The Turkish prime minister said Tuesday Vice President Dick Cheney ruled out military action against Iraq during talks in Ankara. Mr. Cheney met with Turkish leaders to seek international support for a U.S.-led campaign against global terrorism.

The Turkish prime minister's remarks came after hour long talks with Vice President Cheney. Speaking to reporters after the meeting, Mr. Ecevit said that the U.S. vice president had clearly stated that there would be no military action against Iraq in the foreseeable future.

Mr. Ecevit's statement appeared to contradict an earlier statement by Mr. Cheney in Jerusalem on Tuesday that no decision had been made yet regarding military plans to overthrow Iraqi President Saddam Hussein.

Following Mr. Ecevit's remarks, U.S. officials in Ankara announced that the vice president had cancelled a press conference scheduled to take place early Wednesday. A U.S. Embassy spokesman would only say that Mr. Cheney had decided to not hold the press conference because of what the spokesman termed a conflict of schedules.

Like most other governments in the Muslim world, Turkey has consistently voiced its opposition to military intervention in Iraq. Turkey fears that the political turmoil that might follow after the removal of the Iraqi president could lead to the territorial breakup of Iraq and the establishment of an independent Kurdish state in northern Iraq. An independent Kurdish state on Turkey's border, according to the Ankara government, would rekindle separatist sentiment among Turkey's own restive Kurdish population.

Turkey is equally concerned that a military operation in Iraq could further undermine its shaky economy and keep away millions of tourists. Income from Turkey's booming tourism industry is considered key to the country's economic recovery.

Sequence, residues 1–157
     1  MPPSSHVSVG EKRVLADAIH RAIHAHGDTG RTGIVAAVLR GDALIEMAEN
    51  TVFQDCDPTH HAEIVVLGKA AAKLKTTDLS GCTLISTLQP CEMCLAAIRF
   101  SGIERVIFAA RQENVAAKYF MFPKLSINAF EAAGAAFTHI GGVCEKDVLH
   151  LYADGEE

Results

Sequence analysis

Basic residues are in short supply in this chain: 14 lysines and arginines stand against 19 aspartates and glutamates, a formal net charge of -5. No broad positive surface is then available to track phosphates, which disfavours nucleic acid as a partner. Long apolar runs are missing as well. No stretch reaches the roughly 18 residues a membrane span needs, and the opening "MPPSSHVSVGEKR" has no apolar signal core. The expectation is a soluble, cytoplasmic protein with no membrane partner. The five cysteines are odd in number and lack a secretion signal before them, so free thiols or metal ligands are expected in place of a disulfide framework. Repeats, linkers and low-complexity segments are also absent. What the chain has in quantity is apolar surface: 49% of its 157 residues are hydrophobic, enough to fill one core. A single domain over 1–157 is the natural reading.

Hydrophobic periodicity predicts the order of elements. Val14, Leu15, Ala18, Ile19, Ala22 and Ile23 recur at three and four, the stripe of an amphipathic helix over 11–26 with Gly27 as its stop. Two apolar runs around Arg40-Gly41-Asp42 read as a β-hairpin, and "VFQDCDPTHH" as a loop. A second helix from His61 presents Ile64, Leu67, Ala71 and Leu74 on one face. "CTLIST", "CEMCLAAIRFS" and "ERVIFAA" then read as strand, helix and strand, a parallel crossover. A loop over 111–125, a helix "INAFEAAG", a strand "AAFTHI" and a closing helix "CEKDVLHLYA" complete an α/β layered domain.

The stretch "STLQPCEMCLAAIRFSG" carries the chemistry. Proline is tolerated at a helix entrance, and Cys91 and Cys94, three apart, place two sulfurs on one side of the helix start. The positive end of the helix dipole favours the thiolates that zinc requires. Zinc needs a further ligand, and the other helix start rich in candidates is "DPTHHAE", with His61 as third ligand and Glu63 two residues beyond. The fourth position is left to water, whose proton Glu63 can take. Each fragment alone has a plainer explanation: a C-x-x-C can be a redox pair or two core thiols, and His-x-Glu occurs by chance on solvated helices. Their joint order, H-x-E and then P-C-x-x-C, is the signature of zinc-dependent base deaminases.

During talks, Mr. Cheney also briefed Turkish leaders on the situation in Afghanistan, where U.S.-led forces are keeping up their campaign against Taleban forces and their allies in the al-Qaida terrorist network.

Turkey has volunteered to lead international peace-keeping troops in Afghanistan when Britain's term as leader of the force expires next month. Turkey has, however, set a number of conditions it says needs to be fulfilled if it is to take on the Afghan peace-keeping mission.

Chief among them is that Turkey is not responsible for finding a successor to lead the international peace-keeping force when its own term expires. Another concern is financing. Turkey has been grappling with the effects of a crippling year-long recession and says it cannot afford to finance deployment and maintenance of the approximately one thousand troops it says it is prepared to send to Afghanistan.

Turkey is the North Atlantic Treaty Organization's only predominantly Muslim member and a key U.S. ally in the region. Earlier this year, Turkey became the first Islamic nation to send troops to Afghanistan. About 260 Turkish troops are currently deployed in Afghanistan. Their role is confined to security patrols and humanitarian relief operations.

Mr. Cheney told Mr. Ecevit that the Bush administration would be proposing a $228 million aid package to Congress to help Turkey offset the cost of sending further troops to Afghanistan.